IFComp 2016: The Queen’s Menagerie

Spoilers follow the break.

This is a grim little story, a slice of life of a zookeeper who looks after a legendary collection of mythical creatures. As you advance through the exhibits, things get more fantastical and grotesque, eventually reaching the prized beasts that feed on human blood or flesh. It’s a monstrous system, inverting the importance of human and animal, and it all rests on the labor of our humble little zookeeper, who isn’t even a beneficiary: he’s shown to live like an animal, sleeping on straw and eating table scraps.

More importantly, though, it’s written in Texture, and is the first Texture piece I’ve seen this Comp. So let’s use this an excuse to describe Texture a bit.

Texture is a promising newish authoring system that represents one of the few really interesting experiments in how to interact with text I’ve seen in recent years. It doesn’t quite fit in either of the two dominant IF forms, hypertext and parser. Instead, at each juncture, you’re given a pool of words or short phrases that you can drag onto specially-marked parts of the output text. So your set of choices is constrained and explicitly enumerated, just as in hypertext, but the combining of two parallel sets of things provides something like the range of possibility in a parser game. At least, that’s the theory. I haven’t played a lot of Texture games — not many exist yet — but the ones I’ve seen typically don’t provide a whole lot of draggable words or targets at once, frequently having either only one draggable word or only one target, so that they fall closer to the hypertext end of this spectrum.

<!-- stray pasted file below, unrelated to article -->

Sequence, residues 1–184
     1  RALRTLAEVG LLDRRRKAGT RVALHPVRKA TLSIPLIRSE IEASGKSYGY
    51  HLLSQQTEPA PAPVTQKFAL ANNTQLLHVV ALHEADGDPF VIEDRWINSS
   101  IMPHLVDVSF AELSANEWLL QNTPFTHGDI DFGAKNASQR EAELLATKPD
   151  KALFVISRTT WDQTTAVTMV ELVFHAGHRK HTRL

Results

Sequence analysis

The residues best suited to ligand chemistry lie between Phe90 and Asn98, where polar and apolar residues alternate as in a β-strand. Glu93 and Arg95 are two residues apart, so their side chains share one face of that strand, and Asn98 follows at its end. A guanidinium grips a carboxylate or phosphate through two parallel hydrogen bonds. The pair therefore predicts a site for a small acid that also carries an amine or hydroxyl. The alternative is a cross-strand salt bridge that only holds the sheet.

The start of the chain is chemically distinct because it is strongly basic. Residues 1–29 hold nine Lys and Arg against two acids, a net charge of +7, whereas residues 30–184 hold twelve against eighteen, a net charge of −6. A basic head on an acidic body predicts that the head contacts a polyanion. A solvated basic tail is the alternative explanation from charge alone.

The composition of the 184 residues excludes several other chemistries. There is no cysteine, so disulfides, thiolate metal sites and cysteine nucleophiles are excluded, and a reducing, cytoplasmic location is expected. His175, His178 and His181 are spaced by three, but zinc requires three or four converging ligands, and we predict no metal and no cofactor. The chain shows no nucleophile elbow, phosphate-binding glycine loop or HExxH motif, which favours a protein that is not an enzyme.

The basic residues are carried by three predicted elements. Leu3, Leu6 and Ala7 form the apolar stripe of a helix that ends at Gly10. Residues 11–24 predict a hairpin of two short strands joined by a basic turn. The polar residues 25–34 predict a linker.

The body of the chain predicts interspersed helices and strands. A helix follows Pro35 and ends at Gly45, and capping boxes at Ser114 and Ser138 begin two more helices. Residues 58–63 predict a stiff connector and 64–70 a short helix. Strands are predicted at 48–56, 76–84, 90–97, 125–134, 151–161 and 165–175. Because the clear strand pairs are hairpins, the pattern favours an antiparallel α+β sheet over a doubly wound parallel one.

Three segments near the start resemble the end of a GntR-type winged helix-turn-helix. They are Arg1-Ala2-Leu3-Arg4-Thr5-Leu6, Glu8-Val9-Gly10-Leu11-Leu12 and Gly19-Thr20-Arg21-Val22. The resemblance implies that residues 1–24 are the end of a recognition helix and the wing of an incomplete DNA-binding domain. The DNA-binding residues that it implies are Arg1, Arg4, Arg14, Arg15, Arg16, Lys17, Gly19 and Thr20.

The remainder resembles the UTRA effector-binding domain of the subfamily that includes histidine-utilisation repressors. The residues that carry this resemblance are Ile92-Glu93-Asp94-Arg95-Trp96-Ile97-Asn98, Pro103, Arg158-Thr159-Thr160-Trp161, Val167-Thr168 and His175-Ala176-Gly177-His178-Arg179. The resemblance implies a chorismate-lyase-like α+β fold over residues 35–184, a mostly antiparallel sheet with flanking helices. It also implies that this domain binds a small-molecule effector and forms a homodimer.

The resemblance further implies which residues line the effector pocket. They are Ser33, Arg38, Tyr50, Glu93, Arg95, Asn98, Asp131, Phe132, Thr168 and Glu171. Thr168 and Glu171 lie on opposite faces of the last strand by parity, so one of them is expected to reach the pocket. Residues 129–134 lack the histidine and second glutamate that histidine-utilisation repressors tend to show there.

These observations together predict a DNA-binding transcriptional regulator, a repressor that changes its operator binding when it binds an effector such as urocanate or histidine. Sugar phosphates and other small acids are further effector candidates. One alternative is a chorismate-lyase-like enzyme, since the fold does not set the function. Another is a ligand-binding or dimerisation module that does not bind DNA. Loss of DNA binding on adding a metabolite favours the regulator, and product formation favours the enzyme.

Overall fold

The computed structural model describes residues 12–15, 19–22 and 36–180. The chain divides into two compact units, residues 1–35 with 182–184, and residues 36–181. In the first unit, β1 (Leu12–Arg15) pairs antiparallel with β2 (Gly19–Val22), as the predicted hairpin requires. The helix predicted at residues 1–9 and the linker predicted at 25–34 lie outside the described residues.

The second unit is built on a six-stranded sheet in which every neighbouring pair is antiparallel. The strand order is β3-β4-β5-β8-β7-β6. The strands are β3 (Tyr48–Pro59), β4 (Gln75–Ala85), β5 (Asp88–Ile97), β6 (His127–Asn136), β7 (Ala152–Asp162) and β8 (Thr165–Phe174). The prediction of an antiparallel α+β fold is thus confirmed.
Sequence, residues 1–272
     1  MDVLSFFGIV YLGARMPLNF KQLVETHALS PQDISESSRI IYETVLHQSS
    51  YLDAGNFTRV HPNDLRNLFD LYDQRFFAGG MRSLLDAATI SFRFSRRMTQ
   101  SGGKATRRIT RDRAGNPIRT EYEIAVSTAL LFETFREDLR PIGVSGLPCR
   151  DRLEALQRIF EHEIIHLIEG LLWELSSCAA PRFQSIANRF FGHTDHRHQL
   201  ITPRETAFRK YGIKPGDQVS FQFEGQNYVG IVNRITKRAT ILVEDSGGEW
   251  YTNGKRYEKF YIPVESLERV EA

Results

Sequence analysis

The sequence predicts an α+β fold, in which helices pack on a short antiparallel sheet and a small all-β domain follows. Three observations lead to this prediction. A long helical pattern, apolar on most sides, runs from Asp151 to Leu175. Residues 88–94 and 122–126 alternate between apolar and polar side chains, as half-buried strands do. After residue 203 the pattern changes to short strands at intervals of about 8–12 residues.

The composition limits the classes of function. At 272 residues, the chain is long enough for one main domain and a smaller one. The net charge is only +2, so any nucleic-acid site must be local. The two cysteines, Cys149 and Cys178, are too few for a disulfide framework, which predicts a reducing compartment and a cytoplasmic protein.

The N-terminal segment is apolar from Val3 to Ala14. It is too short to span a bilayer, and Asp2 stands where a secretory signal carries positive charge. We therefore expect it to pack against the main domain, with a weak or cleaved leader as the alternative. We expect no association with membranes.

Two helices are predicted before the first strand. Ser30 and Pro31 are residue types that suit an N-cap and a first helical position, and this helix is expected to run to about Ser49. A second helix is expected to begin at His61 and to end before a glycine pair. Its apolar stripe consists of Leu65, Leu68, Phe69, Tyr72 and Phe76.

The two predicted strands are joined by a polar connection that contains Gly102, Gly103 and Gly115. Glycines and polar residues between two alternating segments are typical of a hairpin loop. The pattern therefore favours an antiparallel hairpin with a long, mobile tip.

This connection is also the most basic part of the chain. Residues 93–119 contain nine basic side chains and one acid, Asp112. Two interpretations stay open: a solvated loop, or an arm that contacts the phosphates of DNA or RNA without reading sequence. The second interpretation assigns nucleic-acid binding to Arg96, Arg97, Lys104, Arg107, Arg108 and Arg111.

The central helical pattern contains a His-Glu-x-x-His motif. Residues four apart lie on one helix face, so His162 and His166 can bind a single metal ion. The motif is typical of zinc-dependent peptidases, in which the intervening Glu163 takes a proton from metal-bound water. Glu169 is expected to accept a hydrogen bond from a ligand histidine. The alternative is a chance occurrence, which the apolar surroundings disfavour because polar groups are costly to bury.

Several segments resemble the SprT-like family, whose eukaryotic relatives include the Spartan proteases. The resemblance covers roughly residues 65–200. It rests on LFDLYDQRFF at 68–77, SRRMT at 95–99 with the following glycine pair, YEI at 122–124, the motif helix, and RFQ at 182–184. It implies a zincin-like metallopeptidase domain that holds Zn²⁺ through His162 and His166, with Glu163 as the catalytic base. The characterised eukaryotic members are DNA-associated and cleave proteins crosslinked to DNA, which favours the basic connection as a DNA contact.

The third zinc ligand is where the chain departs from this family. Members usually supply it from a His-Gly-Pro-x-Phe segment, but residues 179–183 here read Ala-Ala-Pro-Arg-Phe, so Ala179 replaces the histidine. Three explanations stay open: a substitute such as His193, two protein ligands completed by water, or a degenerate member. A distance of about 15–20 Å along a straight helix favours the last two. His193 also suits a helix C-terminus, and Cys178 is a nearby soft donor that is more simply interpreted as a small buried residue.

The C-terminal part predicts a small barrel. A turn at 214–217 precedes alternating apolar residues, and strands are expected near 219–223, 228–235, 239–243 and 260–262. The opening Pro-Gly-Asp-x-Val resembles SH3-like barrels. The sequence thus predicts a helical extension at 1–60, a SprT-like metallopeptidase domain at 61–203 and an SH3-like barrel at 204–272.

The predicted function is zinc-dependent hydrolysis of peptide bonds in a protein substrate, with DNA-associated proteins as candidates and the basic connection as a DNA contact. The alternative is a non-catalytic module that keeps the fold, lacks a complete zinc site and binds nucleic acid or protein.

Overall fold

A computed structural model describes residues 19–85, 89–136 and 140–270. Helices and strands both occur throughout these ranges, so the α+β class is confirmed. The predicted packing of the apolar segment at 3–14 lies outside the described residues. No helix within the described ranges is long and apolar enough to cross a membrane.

And so it is here. The chief choices you make are about which foods to give to which creatures, mostly in groups of three creatures and three foods, which is to say, six permutations. (In one case, in the hall of blood-sucking creatures, all the foods are the same, but it pays attention to ordering, so the number of permutations is still six.) And apart from these in-node choices, there doesn’t seem to be any branching here, apart from minor callbacks to the beginning, where you choose your name. So perhaps The Queen’s Menagerie doesn’t take best advantage of its platform in that respect, but in one respect goes beyond the platform’s design. The obvious way to use Texture is to use verbs as your draggable words, applying them to nouns in the output. But this isn’t a requirement of the system, and people have started using it in other ways. All of the draggable words in The Queen’s Menagerie are nouns.

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